Research revealed that the only information on the Battle of Valcour Island, New York, also known as the Battle for Lake Champlain, was located in the Lake Champlain Maritime Museum, not located in Peru or Valcour, New York, but in Vergennes, Vermont. So we drove to Vergennes, which included a 25 minute ferry ride across Lake Champlain to the museum.
Although the museum covered a vast amount of maritime history on the Lake, I was mainly interested in the battle. I was directed down to a pier where a replica ship of the Colonial Fleet of that battle, the Philadelphia, was docked and told to talk to Bill, who would be on the ship.
This man had a vast knowledge of the battle, and relayed the following:
Colonel Arnold was born on January 14, 1741, a British Subject, as everyone born at that time was, in Norwich, the colony of Connecticut. He served with distinction in the French and Indian War. During the early battles of the American revolution, he was greatly admired by George Washington as a military man that could think outside the box and achieve a military victory where other’s could not.
For that reason Washington sent Colonel Arnold to Lake Champlain to build and assemble a fleet to engage the British Royal Navy, the largest and most powerful navy in the World, who were expected to come from Canada and attack the Colonies.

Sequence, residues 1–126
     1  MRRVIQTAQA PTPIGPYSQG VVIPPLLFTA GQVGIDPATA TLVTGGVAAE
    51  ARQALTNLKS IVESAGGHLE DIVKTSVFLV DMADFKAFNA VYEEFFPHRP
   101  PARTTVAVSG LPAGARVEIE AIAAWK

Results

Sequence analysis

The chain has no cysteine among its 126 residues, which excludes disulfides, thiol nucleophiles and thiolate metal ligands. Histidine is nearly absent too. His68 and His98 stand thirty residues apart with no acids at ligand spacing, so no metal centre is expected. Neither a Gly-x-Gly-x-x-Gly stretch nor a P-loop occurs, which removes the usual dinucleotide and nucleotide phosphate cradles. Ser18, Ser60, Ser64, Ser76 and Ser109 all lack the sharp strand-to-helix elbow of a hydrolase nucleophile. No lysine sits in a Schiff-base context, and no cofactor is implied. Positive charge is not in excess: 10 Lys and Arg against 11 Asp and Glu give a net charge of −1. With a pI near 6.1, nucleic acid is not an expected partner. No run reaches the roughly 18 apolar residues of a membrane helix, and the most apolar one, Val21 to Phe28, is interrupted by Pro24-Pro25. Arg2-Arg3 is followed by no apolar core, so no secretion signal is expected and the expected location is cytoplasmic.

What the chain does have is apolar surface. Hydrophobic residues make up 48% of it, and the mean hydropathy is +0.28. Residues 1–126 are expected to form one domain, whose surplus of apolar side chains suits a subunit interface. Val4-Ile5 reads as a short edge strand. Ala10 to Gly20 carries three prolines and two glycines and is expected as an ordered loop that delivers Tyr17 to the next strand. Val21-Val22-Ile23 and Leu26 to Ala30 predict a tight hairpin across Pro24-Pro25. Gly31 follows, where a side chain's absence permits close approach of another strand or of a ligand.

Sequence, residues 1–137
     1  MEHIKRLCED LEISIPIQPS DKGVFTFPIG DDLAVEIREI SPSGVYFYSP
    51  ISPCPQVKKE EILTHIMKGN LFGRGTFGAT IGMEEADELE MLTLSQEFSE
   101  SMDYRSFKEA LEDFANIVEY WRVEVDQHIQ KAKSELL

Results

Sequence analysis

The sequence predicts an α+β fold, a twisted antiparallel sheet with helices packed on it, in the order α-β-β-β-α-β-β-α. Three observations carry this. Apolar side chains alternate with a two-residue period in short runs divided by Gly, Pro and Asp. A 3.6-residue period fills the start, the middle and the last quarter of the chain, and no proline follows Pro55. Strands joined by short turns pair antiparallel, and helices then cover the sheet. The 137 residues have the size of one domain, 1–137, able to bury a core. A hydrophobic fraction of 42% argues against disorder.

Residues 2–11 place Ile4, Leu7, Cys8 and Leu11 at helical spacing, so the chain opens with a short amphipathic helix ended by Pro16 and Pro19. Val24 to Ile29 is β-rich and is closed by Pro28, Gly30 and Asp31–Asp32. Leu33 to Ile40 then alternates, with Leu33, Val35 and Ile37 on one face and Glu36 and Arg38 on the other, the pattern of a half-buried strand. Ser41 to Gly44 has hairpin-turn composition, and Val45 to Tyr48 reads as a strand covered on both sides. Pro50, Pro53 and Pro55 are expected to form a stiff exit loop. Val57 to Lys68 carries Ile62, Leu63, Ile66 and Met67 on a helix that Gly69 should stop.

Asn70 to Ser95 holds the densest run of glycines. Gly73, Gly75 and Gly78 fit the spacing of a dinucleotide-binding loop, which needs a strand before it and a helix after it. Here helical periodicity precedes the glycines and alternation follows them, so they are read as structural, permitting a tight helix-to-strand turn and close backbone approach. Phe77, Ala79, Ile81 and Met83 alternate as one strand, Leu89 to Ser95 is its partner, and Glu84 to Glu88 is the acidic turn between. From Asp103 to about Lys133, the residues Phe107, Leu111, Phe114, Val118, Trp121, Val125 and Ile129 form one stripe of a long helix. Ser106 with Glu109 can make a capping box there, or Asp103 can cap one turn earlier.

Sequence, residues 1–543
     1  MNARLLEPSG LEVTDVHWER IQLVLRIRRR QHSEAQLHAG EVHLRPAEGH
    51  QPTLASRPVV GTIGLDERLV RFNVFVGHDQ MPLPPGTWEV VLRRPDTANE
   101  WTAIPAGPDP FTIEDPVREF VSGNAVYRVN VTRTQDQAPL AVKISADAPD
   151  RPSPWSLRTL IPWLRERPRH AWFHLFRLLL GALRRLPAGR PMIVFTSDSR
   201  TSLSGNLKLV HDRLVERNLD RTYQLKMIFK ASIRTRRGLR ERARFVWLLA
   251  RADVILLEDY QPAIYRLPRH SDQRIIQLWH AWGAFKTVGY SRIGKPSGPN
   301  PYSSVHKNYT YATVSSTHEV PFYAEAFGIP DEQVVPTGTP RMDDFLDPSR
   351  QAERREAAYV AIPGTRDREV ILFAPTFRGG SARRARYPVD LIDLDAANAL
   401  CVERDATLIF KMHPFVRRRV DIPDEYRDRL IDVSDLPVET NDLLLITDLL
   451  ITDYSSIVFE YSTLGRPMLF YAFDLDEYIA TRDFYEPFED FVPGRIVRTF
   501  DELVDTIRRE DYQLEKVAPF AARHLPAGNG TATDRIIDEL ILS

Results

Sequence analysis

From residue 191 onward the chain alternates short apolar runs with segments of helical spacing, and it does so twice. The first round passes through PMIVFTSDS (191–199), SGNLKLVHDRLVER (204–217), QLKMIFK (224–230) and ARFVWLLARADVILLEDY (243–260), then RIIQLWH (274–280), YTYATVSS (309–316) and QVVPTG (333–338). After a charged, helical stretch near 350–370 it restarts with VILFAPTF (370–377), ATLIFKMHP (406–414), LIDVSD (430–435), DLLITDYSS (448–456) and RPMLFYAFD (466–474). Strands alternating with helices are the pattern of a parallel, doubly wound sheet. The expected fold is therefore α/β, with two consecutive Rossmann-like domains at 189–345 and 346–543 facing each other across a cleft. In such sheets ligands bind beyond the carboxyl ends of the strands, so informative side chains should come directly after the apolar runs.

On October 1, 1776, Arnold received reliable intelligence indicating that the British had a force significantly more powerful than his. Because his force was inferior, he chose the narrow, rocky body of water between the western shore of Lake Champlain and Valcour Island, in upstate New York, where the British fleet would have difficulty bringing its superior firepower to bear, and where the inferior seamanship of his relatively unskilled sailors would have a minimal negative effect. Some of Arnold’s captains wanted to fight in open waters, the traditional way to fight a naval battle at that time, and where they might be able to retreat to the shelter of Fort Crown Point, but Arnold argued that the primary purpose of the fleet was not survival but the delay of a British advance on Crown Point and Ticonderoga until the following spring.
On October 11, 1776, the British Fleet sailed down Lake Champlain. As they past Valcour Island Arnold sailed out and engaged them. Arnold lost to the superior British forces. However, the American defense of Lake Champlain stalled British plans to reach the upper Hudson River valley.
Although the British won the battle and now had control of the Lake, they abandoned the area and returned to Canada for the winter. This allowed the Colonial Army a year to prepare for the anticipated attack of the British which resulted in the Battle of Saratoga in New York, a battle won by the Colonists, which proved to be the turning point in the Revolutionary War. All because of Colonel Benedict Arnold.